Well I did all of my boot camp (around 8 months in total) and my first training camps with the FAMAS (the FAMAS F1 and then the Felin) and it was good. The Famas F1 is light, very reliable, and indestructible. But it was outdated. Then when we switched to the HK416, it was universally welcomed. You can add lots of accessories, it’s easier to clean, and easy to use. The short barrel version is a common favorite as the long one can feel bulky. As always people don’t like change but in the end we really like it. Also, all of this debate about the fact that it was not made in France was a civilian debate mostly. Honestly in the army we don’t really care, we’d rather have German HK, Belgian MAG58 and Austrian Glocks than French outdated weapons like the FAMAS, ANF1 and PAMAS
Moving on to your time in Africa, what differences did you see between your time in Chad and Niger?
The mission was totally different. I will not be able to get into all of the details for obvious reasons. But in Chad the mission was only guard duty. So you spent hours days and night in watchtowers or at the gates and it was boring as fuck. The only good side is that it is the biggest French base so the accommodation was great, with air conditioning, TV, and the food is great. Also we could do some cool training with planes and such. In Niger we were only a small group in a “fort” (what Americans would call a Combat Outpost) with way less comfort (sleeping in tents, etc.) but it felt more “in the field”. Mission there was to escort and guard. It was still not the fanciest missions compared to Mali, but it was cool. We were less than 4km (2.5 miles) from the enemy and you could feel it.
How did you feel the overall security situation was in Tchad and Niger during your deployment? Did you feel safe overall or in danger?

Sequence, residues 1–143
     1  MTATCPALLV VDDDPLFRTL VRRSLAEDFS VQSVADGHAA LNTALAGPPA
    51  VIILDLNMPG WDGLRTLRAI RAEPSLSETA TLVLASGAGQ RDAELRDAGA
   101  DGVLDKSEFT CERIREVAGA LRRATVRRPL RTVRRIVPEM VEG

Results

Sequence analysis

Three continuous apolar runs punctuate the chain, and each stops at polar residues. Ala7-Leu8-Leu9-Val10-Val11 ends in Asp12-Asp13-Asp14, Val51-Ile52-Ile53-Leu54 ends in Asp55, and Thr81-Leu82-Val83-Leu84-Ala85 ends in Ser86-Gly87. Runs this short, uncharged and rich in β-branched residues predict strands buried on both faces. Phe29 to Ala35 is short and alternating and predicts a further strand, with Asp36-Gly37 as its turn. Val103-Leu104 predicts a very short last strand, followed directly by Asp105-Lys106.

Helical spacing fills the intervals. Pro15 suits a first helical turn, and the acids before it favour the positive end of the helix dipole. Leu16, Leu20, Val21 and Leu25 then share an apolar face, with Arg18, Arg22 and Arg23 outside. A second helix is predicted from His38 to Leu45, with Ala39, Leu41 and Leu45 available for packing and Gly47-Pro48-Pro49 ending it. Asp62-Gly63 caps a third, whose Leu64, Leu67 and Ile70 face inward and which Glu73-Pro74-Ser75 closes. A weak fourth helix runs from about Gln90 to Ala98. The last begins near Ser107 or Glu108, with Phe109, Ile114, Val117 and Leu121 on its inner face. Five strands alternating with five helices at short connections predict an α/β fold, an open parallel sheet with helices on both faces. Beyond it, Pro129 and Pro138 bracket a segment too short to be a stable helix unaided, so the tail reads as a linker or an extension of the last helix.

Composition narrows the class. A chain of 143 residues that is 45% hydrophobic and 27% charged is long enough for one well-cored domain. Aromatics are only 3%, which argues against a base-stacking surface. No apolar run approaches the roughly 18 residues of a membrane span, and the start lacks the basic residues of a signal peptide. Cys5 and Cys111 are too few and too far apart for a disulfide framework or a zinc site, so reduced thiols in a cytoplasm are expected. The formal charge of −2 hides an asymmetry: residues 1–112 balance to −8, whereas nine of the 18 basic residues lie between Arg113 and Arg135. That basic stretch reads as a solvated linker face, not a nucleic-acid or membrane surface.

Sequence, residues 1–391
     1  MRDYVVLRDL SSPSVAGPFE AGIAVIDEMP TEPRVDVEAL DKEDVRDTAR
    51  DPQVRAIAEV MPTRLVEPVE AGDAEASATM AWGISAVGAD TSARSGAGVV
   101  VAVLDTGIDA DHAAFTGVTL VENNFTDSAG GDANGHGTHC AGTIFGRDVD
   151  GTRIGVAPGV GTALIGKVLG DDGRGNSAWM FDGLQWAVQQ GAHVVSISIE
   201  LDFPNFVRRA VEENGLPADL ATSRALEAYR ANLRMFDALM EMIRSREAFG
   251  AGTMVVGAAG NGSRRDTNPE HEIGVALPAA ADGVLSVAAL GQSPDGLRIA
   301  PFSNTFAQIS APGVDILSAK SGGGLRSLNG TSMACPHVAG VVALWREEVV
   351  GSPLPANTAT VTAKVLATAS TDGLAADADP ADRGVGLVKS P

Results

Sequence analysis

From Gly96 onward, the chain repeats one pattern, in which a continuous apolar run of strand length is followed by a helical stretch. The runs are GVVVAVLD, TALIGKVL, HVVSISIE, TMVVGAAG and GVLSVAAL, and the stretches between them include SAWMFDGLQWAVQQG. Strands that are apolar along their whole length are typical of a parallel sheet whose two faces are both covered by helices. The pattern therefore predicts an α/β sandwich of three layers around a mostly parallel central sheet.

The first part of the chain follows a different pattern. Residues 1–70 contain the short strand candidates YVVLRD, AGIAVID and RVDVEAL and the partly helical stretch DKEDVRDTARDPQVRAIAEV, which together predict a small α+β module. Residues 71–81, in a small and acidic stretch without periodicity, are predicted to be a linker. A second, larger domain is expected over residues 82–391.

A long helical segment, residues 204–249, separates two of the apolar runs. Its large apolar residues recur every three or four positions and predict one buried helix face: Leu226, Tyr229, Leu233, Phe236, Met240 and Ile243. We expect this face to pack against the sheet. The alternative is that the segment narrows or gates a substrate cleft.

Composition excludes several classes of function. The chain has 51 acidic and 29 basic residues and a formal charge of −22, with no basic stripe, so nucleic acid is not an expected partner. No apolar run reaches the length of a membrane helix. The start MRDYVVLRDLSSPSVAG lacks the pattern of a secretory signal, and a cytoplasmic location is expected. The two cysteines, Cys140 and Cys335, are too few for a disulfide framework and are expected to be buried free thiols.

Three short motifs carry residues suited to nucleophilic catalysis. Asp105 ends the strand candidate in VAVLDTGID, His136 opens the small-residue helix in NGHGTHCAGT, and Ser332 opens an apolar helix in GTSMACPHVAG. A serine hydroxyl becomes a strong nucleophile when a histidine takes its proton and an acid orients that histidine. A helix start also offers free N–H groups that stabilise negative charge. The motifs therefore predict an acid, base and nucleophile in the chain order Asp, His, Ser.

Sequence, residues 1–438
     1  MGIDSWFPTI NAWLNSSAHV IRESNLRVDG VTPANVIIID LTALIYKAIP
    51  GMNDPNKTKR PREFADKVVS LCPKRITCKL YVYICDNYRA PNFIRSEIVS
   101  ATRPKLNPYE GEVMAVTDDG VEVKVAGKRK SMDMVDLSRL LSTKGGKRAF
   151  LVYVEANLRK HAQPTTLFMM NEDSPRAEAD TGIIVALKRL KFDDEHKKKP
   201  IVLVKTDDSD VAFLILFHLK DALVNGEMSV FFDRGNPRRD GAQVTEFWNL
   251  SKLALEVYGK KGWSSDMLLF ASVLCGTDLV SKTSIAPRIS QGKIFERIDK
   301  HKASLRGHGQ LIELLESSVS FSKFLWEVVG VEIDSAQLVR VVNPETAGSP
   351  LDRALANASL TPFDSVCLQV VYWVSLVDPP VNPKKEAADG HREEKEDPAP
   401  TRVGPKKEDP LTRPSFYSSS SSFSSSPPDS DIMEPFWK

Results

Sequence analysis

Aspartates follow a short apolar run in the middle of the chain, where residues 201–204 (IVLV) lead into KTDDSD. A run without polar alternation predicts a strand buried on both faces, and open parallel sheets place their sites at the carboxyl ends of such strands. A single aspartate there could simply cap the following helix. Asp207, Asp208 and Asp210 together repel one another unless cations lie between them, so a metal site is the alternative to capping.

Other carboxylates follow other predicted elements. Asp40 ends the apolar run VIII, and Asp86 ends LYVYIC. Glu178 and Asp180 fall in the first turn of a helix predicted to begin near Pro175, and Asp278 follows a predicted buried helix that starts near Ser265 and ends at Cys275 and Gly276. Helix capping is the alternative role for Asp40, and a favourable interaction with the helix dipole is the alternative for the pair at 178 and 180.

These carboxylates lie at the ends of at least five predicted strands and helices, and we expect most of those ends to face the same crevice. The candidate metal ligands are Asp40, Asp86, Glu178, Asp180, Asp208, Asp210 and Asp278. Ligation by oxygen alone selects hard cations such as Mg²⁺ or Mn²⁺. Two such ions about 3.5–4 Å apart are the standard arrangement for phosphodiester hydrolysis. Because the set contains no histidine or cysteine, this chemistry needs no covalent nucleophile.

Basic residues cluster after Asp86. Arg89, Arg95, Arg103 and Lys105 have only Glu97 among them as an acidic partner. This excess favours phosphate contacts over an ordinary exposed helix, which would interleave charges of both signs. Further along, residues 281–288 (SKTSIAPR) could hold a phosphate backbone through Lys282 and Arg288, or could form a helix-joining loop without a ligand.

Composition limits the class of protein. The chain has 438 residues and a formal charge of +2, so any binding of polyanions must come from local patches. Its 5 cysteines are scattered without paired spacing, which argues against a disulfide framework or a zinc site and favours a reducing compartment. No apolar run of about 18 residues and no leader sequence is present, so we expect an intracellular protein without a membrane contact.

In Chad it felt very very safe. We were pretty far from the action zone of Boko Haram, who were hiding in the Lake Tchad area. Life is almost normal in N’djaména (terrorism wise). In Niger we were pretty close to the terrorists so we were way more careful. We had lots of intel about sleeper cells and bombers in town, and full groups of the enemy were around 4km (2.5 miles) from us.
Did you ever come under fire from terrorists in either country? I’ve heard that often times they’re hesitant to engage French forces because of the obvious fire superiority.
We didn’t, fortunately/unfortunately. One morning we received indirect fire, 3 heavy rockets, but the closest one fell like a few hundred meters from the walls of our outpost. It was not clear if they targeted us or the Nigerien Forces. Anyway, no casualties. Just a good wake up call! Indeed, they would not engage us as they knew the retaliation would be terrible for them. And we never went to poke them either. Local forces and civilians had some attacks in the region though.
How were the Nigerien forces (if you had much interaction with them)?
We saw a lot of their special forces and they really looked well equipped, well trained, and combat proven. Their regular forces are the exact opposite, mismatched gear, poor equipment, looking totally uninvolved in the war in their own country.
How did you observe local civilians feeling about the presence of French/coalition troops?
In Chad they were totally indifferent. Some like the French presence because they know we are here for them, and sometimes they are a bit hostile because we’ve been there for the past 40 years or something, and they do not really understand or feel what good we do. They just see us as new colonizer. But in Niger we are welcomed, in towns and in the remote villages. People wave at us, smile, and have a generally positive attitude towards us. They like to talk and interact with us, and I think that’s because they’ve experienced terrorism first hand and felt the improvement in their lives when the local forces, with the help of the coalition, regained power over the area.
Chad and Niger are Francophone countries, did you notice any cultural similarities to French culture?
Honestly not that much. Maybe a foreigner would but I don’t know. Except for the language. Most of the people there define themselves by their religion or ethnic group more than their country.
Many people outside of France are pretty fascinated with the Legion Etrangere (Foreign Legion), have you had any experience with them?
My dad was in it for 20 years, so I guess I have a good knowledge of it.